Undoubtedly, Crossrail is an exciting scheme. The Minister used the word “unenviable” when he described our task, and I have to say that sometimes in the past two years it has not seemed quite so exciting. Since 19 January 2005, we have met to discuss the Bill up to eight times a week, and sometimes during parliamentary recesses. There were 84 days of public meetings, and sometimes there were three separate sittings a day. We have considered 205 petitions in total. That has not always seemed exciting. There was a mountain of paperwork. We had to consider some 413 written submissions, and evidence bundles began to fill Committee Room 5. At times, rather than feeling enthusiasm for the project, we felt somewhat disheartened and rather irritated by the process to which we were subjected.
I am afraid that I will speak for a little while longer. I want to begin by considering the way in which the members of the Committee were selected. Those right hon. and hon. Members who have had a chance to have a look at our—
Order. I hate to reduce the hon. Gentleman’s time addressing the House, but we do not need to go down that line at this stage unless it is very pertinent to why the Bill should be carried over.
Thank you, Mr. Deputy Speaker. I entirely accept your guidance on that matter. There will no doubt be other occasions on which I shall be able to refer to that strange and unsatisfactory part of the process.
We as a Committee were charged with a quasi-judicial role in relation to the Bill. We provided an audience for petitioners, and we were successful in concentrating the efforts of the promoters and the petitioners to reach agreement, often outside the Committee Room, and in taking a view of the particular circumstances of those who petitioned against the Bill. That enabled us to make sensible proposals with regard, for example, to the traders in Smithfield, whose situation is undoubtedly different from that of many other traders who might be affected by a similar Bill.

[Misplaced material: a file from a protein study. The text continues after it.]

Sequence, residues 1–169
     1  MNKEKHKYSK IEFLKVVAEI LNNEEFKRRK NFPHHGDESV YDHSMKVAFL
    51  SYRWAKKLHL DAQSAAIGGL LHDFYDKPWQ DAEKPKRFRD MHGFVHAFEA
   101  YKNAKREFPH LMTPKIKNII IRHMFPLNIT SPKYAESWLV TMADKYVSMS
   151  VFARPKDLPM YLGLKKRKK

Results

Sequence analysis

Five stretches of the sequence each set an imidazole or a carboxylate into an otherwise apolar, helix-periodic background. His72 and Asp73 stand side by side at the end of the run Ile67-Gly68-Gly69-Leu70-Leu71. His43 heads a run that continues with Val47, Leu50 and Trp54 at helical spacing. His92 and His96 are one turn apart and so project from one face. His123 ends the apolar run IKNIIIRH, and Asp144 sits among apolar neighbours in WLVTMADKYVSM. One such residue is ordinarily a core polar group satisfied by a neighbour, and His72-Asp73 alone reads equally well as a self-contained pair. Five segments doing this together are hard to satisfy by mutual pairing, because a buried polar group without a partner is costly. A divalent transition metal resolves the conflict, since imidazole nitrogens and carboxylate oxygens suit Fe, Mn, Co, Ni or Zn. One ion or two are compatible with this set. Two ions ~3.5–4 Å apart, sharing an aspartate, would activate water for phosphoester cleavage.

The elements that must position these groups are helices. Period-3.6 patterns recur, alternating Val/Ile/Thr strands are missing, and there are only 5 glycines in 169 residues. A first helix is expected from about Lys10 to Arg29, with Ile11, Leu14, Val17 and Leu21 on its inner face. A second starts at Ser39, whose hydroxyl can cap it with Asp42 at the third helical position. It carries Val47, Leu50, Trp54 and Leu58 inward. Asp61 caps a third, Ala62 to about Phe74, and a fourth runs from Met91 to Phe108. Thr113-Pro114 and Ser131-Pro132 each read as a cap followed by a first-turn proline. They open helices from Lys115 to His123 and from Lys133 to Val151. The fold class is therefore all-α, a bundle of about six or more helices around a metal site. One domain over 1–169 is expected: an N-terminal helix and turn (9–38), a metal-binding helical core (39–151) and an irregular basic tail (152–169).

As my right hon. Friend the Member for Greenwich and Woolwich (Mr. Raynsford) reminded us, we had the opportunity to argue forcefully and successfully, supported by him and other right hon. and hon. Members, for the station at Woolwich, and we proposed amendments to the Bill to enable a station to be built. We picked up a wide range of other issues, some as major and significant as the way in which Liverpool Street station should be modified, and some apparently trivial but important to the people affected by them, such as how people’s back gardens would be affected and whether a couple of metres of land should be taken. That may be significant to them, but not of the same significance to the scheme as matters such as Liverpool Street.
We have been able to respond appropriately to the cases put to us. To some extent we were hindered by the fact that the Committee can only be reactive in its response. It sits, essentially, to hear petitions and respond to petitioners against the Bill. It cannot be proactive. Although we took opportunities to make visits and to examine more generally some of the matters before us, issues about how hybrid Bill Committees operate could usefully be re-examined in the light of our experience, before a similar scheme comes before the House, possibly after a gap of some 10 years, as with the present Bill.
As is evident from our report, we hope that the Committee in the Lords will consider the fundamental issue of the public, Members of the House and, ultimately, Members in another place fully understanding what the Bill requires, as opposed to what it permits. We as a Committee felt that a list of amendments and undertakings was not sufficient. There should be an opportunity for Members and the public to gain a better understanding of what is permitted and what is required by the Bill.